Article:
in IRDL, Professional

Knowing what we don’t know

In writing about my research experience, I find myself wanting to emulate Ta-Nehisi Coates, who describes his own column for The Atlantic as an exercise in thinking aloud. In a recent interview that followed up on his piece, The Case For Reparations, Coates reflected on having the humility to acknowledge what we just don’t know:

We don’t understand how much we don’t understand. And it’s quite a bit. It’s really, really quite a bit. And I think, when people say, oh, you’re just advocating another study because you’re punting. No, you just have no idea how much you don’t know. You know? We just don’t. It’s quite a bit.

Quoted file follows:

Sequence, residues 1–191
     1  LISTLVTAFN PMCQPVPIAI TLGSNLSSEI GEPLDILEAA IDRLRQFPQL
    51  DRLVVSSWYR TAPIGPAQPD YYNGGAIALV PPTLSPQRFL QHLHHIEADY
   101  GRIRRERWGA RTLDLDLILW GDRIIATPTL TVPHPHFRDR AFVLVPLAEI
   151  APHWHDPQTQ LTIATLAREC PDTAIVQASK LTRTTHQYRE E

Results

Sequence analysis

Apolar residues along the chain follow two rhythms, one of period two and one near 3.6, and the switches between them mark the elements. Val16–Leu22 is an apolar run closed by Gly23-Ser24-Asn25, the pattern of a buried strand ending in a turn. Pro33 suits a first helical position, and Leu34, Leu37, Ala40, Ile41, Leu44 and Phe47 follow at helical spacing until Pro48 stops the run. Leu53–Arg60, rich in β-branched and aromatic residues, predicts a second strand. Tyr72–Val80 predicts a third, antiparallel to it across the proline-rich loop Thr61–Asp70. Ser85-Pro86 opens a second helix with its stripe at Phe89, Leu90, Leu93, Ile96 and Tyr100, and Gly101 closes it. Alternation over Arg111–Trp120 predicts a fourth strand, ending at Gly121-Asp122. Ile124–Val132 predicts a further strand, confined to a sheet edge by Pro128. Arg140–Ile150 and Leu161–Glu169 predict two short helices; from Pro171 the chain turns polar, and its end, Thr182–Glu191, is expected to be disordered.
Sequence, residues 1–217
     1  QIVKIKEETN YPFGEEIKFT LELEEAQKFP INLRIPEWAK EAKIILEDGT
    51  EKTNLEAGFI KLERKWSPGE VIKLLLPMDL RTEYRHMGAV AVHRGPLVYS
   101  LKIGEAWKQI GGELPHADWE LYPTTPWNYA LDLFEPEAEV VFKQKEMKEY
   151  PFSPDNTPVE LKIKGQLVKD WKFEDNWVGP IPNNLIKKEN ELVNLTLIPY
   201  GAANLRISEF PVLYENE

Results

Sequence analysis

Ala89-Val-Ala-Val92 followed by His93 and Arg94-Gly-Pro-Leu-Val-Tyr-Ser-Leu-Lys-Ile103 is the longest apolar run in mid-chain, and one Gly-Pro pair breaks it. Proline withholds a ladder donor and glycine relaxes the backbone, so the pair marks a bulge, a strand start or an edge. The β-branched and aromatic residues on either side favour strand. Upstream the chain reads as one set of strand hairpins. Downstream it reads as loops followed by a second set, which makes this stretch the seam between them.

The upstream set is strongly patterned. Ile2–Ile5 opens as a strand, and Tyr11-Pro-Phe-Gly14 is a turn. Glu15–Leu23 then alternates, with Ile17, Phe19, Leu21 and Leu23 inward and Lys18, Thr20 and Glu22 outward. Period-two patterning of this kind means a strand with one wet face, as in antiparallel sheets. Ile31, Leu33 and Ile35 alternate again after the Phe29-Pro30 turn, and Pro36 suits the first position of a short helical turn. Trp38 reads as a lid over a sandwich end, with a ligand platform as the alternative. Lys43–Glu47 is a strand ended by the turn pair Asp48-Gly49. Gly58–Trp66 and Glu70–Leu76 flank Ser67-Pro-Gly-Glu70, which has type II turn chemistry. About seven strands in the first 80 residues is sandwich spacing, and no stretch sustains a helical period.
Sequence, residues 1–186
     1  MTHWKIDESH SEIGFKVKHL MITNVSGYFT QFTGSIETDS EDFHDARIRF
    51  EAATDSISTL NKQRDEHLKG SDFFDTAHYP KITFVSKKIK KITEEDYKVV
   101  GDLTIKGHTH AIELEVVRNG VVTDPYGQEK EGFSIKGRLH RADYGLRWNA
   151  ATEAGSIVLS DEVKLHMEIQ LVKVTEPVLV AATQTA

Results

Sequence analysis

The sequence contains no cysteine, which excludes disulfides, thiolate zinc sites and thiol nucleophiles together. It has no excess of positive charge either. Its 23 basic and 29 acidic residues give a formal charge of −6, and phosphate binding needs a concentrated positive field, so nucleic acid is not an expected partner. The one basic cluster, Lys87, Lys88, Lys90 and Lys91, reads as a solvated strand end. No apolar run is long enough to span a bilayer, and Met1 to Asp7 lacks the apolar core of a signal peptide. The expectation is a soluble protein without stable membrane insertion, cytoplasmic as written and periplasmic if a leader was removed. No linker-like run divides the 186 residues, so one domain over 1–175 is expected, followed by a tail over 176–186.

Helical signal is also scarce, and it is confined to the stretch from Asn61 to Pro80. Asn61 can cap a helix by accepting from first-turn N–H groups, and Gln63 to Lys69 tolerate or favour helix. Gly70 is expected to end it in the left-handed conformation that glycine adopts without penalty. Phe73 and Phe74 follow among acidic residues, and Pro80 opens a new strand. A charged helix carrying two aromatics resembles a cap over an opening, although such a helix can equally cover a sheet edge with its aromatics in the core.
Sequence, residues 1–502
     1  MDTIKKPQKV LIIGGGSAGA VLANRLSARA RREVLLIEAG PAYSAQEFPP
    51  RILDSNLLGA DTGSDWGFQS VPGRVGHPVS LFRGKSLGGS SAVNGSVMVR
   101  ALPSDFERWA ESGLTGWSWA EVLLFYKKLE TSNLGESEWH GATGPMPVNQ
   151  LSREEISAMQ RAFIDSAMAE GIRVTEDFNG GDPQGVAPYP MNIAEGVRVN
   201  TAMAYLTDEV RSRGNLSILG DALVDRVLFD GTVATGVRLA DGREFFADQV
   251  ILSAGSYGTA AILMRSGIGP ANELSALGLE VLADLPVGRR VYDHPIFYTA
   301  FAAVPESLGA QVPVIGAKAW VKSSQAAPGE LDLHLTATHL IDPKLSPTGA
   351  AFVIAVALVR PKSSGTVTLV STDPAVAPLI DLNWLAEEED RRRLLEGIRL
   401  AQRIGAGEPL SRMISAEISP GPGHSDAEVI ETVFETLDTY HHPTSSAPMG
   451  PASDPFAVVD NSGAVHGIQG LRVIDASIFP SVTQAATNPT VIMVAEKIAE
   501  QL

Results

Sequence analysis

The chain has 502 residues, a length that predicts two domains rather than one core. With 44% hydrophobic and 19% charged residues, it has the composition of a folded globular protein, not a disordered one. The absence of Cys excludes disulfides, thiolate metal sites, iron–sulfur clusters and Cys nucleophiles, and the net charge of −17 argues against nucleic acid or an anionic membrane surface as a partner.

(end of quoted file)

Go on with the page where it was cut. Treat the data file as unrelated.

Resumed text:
Question formation requires knowing what we don’t know. But sometimes posing a question makes visible our assumptions about what we know and what we don’t.

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